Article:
From bpso list discussion
For the person who is struggling with a decision about what and how to share - with family members - information about a loved one's diagnosed mental illness:
A couple of thoughts --
1) privacy -- many of us treat the family member with the diagnosis like we should keep their "secret" of mental illness. In some ways this seems respectful of their privacy, a concept enshrined by our legal and medical professions with some good reason, but within the family, I personally believe that anyone who has substantial contact with a family member suffering from a mental illness has a right to know about the illness, and a responsibility to understand it fully and learn how to cope appropriately. Perhaps your have experienced a situation where a family member feels a little betrayed that no one filled them in about this before they had a visit with the mentally ill relative. Honesty is the best policy -- maybe you can explain that you considered sharing information about the diagnosis/illness, and hoped nothing would happen because you so badly wanted them to get along. You could apologize and explain that you see in retrospect that maybe this wasn't the best choice.
2) forgiveness -- sometimes when we tell a person about a loved one's illness and bad behavior, it sounds like we are making excuses and asking others to tolerate bad behavior. One must be careful how to frame this to family members. I believe it's reasonable to ask that they understand that the bad behavior is not necessarily caused by the loved one's animus toward family member or a "will" to do something bad. Bipolar Disorder causes distorted, irrational decision-making and impulsivity. So, while the loved one may have "decided" to steal (or drink or have an affair or fill-in-the-blank), that "decision" isn't the same kind of rational decision that you or I might make, nor does the loved one necessarily have the same kind of impulse control that they might restrain themselves in the way you or I might. That said, a family member doesn't have any obligation to continue to subject themselves to bad behavior. It might help to have a serious conversation with an affected family member in which you explain in detail about how Bipolar Disorder can affect behavior and ask them not to see your loved one as a bad person or a person who wants to deliberately hurt them, but also acknowledge that they (with your help) might need to rethink how the family member can productively (and safely) have a relationship with the loved one. Maybe overnight visits are not a reasonable expectation with a mentally ill person.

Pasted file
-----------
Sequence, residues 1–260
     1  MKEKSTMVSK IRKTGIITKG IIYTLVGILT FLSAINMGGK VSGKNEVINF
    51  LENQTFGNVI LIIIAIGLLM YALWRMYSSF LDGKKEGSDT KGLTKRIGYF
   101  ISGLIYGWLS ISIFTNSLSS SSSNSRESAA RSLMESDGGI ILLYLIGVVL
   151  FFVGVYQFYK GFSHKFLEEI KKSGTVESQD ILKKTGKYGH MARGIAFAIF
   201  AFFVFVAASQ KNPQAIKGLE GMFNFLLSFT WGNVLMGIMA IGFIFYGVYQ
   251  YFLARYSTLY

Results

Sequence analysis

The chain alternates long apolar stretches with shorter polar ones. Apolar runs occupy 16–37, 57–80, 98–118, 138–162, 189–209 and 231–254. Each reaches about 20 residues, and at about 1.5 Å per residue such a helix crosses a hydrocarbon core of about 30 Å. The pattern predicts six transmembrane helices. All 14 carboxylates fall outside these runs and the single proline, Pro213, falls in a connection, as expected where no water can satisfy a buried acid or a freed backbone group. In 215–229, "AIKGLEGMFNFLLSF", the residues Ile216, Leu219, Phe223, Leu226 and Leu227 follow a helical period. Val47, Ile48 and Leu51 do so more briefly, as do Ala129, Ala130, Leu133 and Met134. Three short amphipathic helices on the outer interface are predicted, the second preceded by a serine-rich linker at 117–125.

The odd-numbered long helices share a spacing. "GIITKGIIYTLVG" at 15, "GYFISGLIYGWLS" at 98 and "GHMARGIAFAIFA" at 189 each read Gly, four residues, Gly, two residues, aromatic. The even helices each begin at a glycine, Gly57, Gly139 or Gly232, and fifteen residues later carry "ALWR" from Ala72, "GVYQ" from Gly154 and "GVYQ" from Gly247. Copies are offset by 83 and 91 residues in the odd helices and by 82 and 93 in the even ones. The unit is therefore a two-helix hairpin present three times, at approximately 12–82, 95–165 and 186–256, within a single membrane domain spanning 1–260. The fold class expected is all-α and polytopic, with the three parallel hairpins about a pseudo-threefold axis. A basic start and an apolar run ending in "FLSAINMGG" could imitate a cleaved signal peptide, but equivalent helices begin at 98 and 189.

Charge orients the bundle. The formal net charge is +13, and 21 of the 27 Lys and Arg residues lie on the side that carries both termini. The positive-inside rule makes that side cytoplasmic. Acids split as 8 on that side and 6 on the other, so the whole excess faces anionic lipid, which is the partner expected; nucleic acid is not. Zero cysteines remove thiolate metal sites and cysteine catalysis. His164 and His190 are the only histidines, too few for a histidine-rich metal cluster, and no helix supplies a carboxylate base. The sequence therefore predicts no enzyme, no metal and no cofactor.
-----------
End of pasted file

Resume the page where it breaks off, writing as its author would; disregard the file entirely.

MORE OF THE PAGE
3) Encourage family members to find the NAMI Family to Family course in her area (find out more at nami.org). It is really a great class to teach family members of the mentally ill about bipolar disorder and to help family members understand what it's like to be ill, while also empowering them to think about how to structure their relationship with the ill person. I personally believe that every family member of a mentally ill person has a responsibility to learn about bipolar disorder as much as they can -- there are also some great books.